In May, the Turkish lira reached a record low to the U.S. dollar. Turkey’s growing economic problems stem from Turkish politicians’ preference for political goals over economic ones. For now, the authorities have begun to undertake actions to regain investors’ trust, but in the longer term, Turkey’s economy needs to undergo deep and probably unpopular structural reform. The country’s economic problems may significantly influence the parliamentary and presidential elections set for 24 June.
Since the beginning of the year, the Turkish currency, the lira, has lost around 20% of its value (as of May). Up to December 2017, investors had been regarding an exchange rate of 4 lira to 1 U.S. dollar as a “psychological barrier,” but on 23 May, the rate reached 4.93 to 1. This was the result of a coincidence of a few trends unfavourable to Turkey’s economy.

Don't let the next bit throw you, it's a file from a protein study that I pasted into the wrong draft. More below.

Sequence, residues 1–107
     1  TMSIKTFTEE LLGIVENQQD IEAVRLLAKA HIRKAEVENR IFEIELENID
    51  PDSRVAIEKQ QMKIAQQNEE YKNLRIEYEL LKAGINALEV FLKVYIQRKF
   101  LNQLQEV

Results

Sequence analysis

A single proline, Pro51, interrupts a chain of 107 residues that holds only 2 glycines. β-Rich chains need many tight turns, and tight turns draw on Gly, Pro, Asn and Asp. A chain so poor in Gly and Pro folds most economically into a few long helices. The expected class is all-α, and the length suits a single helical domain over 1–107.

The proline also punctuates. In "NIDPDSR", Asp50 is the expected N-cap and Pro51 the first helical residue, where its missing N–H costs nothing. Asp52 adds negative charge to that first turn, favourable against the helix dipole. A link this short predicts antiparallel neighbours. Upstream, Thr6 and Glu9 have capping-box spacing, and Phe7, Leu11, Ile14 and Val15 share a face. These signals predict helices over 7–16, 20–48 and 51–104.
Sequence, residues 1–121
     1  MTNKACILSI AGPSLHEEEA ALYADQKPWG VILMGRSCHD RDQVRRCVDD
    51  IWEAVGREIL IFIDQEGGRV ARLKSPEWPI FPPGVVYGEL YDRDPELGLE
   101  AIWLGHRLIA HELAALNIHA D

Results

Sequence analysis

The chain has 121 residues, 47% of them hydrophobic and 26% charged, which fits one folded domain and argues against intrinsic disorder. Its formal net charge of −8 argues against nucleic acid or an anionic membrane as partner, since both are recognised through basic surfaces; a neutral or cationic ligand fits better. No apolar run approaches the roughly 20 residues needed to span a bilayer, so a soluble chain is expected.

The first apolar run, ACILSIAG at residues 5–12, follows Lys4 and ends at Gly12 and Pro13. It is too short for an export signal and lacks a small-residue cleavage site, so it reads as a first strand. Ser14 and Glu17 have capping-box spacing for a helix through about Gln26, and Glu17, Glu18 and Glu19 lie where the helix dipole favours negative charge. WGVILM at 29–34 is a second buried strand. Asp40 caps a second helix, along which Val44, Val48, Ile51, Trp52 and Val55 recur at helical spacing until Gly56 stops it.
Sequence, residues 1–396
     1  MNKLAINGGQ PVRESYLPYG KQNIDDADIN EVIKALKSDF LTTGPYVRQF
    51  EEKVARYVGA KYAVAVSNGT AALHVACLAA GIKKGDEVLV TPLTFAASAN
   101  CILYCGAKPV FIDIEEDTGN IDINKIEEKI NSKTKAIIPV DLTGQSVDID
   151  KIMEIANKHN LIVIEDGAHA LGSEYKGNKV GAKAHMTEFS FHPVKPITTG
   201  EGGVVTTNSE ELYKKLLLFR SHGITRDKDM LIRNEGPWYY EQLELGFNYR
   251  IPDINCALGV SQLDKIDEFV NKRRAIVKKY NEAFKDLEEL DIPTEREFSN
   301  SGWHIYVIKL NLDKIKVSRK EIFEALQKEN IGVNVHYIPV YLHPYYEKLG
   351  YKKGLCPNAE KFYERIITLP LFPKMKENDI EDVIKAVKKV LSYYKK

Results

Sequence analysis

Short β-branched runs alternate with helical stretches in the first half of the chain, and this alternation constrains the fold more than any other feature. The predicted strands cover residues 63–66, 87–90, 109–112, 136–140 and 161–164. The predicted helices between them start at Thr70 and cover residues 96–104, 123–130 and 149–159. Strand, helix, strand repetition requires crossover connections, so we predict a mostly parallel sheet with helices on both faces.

According to the Turkish Statistical Institute (TÜİK), the Turkish economy’s growth in 2017 was an impressive 7.4%. At that time, it raised investor concern that it was overheating, which resulted in calls to raise interest rates. They also cited the quite high inflation, which was 10.9% in April. That together with the devaluing lira are partly why GDP growth has not translated into improving Turkish household economic conditions. Moreover, Turkey has even bigger, structural problems. According to recent data, unemployment has reached 10.6%, hovering even around 19% among young Turks. Income inequality is also pretty high: According to the World Bank, the Gini index is 41.9 (compared to 31.8 in Poland) while the percentage of people living under the poverty line is 21.2% (TÜİK data from 2016). Turkey’s economic problems also stem from its dependence on the inflow of capital from abroad and a large current account deficit, reaching $47 billion in 2017 (around 5.5% of GDP).
Since 2014, Turkey has been stuck in an election cycle, with the next election the sixth in four years. The atmosphere of never-ending campaigns has not favoured the introduction of structural reform. It also has impaired trust among investors, who have been in constant anticipation that Turkish authorities would finally execute their long-overdue promise to introduce serious reforms after elections.